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Three-time Pulitzer Prize winner and National Security Correspondent for The New York Times David E. Sanger writes compelling analyses and investigative articles that explain the complex events of our time. A member of the 2017 Pulitzer Prize-winning team in international reporting, Sanger is one of the nation’s most lucid analysts of geopolitics, globalization and cyber power. A National Security and Political Contributor for CNN, Sanger’s articulate style has made him a frequent guest on CBS This Morning and many PBS shows.
Sanger's national bestseller, Confront and Conceal: Obama's Secret Wars and Surprising Use of American Power, is a riveting analysis of the Obama administration’s foreign policy, including its covert reliance on cyberwarfare, drones, and special operations forces. The book sent shockwaves around the globe. Foreign Affairs called it an “astonishingly revealing insider’s account.”
His previous bestseller, The Inheritance: The World Obama Confronts and the Challenges to American Power, is an in-depth examination of American foreign policy successes and failures. TIME called it a "behind-the-scenes account...laced with scoops and secret conversations about a world spinning out of America's control."
A 30-year veteran of The New York Times, Sanger’s coverage of the Iraq and Korea crises took home the Weintal Prize, one of the highest honors for diplomatic reporting. He also won the White House Correspondents’ Association Aldo Beckman prize for his presidential coverage. His years as a foreign correspondent have given him a unique view into the rise of Asia, nuclear proliferation, global competition, and a volatile Middle East.
Early in his career, Sanger covered technology and economics, before turning to foreign policy. Over the years, he has focused on North Korea's nuclear weapons program, the rise and fall of Japan, and China’s increasing power and influence. Later, he covered domestic and foreign policy issues as the Times’ White House correspondent from 1999 to 2006 and the NSA and cybersecurity as the current National Security Correspondent.
He is a featured journalist in Alex Gibney's 2016 docu-thriller, Zero Days, based largely on Sanger’s investigation of the secret American and Israeli cyber program to attack Iran’s nuclear facilities.
Sanger teaches national security policy as a visiting scholar and adjunct professor at Harvard University's Kennedy School of Government.
The Trump Administration at One Year - What We Have Learned
Presidents try to bend the arc of history, but so do America’s allies and adversaries– and rarely have they greeted a new president with an array of challenges as complex as those that Barack Obama handed off to Donald Trump. From a North Korea that is brandishing a new nuclear arsenal and missiles that will soon be able to reach American shores, to a revanchist Russia, a rising China and a beleaguered Europe, disorder is everywhere. A 15-year-long American experiment in the Middle East has clearly become bogged down. Nuclear and cyber weapons pose challenges we never saw before. And around the world, populist movements seem on the march. The man who wrote The Inheritance and Confront and Conceal in the last presidential cycle, and has reported for 30 years from around the world, offers perspective and analysis on what Americans need to worry about, what needs to stay on their radar, and what they can let others handle.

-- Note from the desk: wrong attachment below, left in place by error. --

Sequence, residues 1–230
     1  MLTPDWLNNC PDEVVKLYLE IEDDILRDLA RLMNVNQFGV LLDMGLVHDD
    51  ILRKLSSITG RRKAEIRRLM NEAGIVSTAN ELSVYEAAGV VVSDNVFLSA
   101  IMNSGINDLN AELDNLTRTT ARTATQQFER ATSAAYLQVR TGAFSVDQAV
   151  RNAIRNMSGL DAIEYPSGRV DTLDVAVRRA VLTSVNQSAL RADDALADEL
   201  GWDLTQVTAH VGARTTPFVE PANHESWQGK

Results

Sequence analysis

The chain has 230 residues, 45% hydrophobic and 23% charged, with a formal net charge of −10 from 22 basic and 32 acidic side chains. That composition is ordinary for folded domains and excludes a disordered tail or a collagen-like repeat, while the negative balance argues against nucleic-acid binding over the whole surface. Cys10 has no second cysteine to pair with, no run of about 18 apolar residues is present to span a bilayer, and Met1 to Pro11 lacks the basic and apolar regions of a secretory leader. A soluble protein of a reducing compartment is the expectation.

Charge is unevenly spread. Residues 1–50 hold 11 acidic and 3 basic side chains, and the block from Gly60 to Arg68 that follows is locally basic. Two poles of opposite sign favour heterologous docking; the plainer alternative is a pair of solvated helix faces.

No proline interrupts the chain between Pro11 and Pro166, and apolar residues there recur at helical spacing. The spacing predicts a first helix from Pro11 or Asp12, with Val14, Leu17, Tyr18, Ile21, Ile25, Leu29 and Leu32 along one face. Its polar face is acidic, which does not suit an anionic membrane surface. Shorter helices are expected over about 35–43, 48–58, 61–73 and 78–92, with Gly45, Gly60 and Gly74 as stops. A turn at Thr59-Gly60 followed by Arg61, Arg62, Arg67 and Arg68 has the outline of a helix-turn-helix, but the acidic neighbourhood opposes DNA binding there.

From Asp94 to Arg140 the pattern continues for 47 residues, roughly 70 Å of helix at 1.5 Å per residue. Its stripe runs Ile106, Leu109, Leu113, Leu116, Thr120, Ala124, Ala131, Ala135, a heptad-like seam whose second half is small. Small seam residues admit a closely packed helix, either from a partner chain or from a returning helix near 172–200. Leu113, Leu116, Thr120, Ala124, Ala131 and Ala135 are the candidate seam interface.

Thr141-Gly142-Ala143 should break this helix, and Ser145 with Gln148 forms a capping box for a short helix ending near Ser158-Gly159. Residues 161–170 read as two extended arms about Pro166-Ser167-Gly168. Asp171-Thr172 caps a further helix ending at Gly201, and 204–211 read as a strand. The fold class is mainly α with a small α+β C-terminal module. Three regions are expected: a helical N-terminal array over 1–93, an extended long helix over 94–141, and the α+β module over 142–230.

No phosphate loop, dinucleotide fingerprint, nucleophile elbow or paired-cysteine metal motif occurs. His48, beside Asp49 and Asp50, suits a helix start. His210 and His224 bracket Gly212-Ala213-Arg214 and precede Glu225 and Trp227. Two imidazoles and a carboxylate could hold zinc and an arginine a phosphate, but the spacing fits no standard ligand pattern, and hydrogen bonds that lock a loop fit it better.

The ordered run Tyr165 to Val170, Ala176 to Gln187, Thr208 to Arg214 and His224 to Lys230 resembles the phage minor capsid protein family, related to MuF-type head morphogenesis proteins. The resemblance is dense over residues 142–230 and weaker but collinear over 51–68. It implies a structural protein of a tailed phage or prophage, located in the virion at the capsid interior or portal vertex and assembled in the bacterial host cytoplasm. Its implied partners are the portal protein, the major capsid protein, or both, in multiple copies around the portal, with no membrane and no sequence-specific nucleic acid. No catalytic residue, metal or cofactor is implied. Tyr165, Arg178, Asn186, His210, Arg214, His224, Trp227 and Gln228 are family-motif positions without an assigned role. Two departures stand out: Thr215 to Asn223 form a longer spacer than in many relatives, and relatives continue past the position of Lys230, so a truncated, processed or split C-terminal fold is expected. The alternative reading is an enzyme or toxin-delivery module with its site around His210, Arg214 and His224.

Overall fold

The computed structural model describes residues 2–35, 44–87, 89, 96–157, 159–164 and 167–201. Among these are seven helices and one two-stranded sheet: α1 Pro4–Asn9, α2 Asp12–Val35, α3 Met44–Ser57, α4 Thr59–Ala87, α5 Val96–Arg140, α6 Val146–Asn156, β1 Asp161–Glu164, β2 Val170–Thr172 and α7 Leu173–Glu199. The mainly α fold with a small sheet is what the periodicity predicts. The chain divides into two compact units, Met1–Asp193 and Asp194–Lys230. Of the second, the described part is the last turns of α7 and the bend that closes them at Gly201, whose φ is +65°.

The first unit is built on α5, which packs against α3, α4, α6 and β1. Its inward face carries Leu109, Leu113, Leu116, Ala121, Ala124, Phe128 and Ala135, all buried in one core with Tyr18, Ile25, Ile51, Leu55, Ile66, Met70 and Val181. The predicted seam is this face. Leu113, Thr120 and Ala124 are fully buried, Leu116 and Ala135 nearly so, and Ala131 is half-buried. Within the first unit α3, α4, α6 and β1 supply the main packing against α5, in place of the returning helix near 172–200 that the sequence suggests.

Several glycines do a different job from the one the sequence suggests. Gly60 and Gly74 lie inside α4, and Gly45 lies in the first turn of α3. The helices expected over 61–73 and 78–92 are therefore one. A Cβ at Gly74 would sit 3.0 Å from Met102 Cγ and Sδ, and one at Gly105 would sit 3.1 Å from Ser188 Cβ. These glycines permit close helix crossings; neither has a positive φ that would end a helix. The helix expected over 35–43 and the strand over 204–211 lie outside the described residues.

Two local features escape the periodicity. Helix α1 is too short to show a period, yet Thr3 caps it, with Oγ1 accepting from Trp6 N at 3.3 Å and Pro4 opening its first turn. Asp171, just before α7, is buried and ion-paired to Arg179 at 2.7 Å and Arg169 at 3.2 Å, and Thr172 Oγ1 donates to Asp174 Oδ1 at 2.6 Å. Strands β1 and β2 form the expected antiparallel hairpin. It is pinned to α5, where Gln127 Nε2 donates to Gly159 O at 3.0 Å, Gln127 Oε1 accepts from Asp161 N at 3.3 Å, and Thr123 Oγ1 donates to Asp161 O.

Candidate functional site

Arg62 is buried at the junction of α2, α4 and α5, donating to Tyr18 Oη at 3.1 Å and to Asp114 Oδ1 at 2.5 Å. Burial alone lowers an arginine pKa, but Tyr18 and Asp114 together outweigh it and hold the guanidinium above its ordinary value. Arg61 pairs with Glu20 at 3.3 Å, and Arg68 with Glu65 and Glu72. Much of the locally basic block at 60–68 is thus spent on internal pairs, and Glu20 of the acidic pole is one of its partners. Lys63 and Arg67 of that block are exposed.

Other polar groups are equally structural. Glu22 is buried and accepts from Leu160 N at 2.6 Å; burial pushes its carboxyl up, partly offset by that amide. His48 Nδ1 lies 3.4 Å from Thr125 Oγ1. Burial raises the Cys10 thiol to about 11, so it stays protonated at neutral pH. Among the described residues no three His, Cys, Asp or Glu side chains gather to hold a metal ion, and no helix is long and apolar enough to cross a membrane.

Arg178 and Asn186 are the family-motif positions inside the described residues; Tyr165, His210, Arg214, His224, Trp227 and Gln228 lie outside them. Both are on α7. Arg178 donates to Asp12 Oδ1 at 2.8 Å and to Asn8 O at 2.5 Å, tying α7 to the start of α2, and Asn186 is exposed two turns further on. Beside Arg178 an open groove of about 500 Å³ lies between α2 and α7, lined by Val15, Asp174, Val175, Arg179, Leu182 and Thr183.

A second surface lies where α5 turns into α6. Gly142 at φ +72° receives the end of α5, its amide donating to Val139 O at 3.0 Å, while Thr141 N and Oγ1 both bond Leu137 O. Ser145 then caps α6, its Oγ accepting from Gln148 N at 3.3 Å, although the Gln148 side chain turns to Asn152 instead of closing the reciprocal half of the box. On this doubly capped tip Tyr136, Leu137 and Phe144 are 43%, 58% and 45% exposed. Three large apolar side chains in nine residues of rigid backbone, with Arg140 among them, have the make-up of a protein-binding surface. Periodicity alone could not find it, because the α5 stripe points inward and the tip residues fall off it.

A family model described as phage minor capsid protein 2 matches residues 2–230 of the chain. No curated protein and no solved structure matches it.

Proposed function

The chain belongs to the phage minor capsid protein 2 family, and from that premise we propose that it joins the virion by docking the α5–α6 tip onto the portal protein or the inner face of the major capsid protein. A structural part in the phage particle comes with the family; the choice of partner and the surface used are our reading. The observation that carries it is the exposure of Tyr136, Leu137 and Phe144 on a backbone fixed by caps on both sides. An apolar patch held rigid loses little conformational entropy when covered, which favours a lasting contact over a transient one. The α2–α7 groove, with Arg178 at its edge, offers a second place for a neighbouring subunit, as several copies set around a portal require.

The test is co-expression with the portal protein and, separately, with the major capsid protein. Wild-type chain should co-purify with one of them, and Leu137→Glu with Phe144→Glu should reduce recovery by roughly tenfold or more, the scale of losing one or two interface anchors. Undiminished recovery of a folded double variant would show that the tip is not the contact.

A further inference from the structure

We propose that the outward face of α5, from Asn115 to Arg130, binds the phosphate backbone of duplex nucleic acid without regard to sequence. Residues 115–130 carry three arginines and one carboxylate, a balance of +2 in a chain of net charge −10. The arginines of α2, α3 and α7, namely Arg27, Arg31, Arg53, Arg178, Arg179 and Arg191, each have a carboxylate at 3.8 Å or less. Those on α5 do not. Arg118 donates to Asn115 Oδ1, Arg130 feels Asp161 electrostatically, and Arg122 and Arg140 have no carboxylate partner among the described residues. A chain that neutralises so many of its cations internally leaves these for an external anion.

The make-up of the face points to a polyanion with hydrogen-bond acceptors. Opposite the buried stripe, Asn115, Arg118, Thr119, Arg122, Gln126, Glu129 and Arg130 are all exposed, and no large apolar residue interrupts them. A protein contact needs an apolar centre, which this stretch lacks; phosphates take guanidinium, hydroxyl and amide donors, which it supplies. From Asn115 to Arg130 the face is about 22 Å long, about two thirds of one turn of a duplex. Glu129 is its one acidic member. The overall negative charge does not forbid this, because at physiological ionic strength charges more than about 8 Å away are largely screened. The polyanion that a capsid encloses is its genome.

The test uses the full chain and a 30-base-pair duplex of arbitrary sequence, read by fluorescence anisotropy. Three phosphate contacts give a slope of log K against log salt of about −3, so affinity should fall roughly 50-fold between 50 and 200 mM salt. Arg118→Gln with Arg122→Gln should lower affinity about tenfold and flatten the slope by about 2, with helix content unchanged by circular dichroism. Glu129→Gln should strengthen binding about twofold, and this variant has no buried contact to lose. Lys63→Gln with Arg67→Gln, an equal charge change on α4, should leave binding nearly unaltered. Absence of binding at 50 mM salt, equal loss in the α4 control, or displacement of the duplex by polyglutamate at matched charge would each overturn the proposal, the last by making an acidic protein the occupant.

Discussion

Cyber Conflict: The New Way Nations Struggle for Power and Influence
Only a few years ago, the idea cyber conflict among nations was the stuff of science fiction. No more. As David Sanger describes in the documentary thriller Zero Days, directed by Alex Gibney, low-level cyberwar is here, and here to stay. It’s a new class of short-of-war competition involving espionage and, increasingly, sabotage. Zero Days, based largely on Sanger’s bestseller, Confront and Conceal, tracks his investigation of the secret American and Israeli program to attack Iran’s nuclear facilities, a tale of technological sleuthing that took him into the White House Situation Room, where two American presidents, George W. Bush and Barack Obama, oversaw the covert action. But “Stuxnet,’’ as the attack was later called, was just the beginning. Now we have seen Russia, China, Iran, North Korea and others use cyber as a new kind of weapon that is ushering in a new kind of competition and conflict – changing the world as surely as the airplane and nuclear weapons did. One of America’s premier investigative reporters and experts on cyber conflict takes audiences on a tour of this secret history and a future in which the nation will have to find a way to discuss and control the Pandora’s Box that has now been opened.
Sea of Fire: The North Korean Nuclear Threat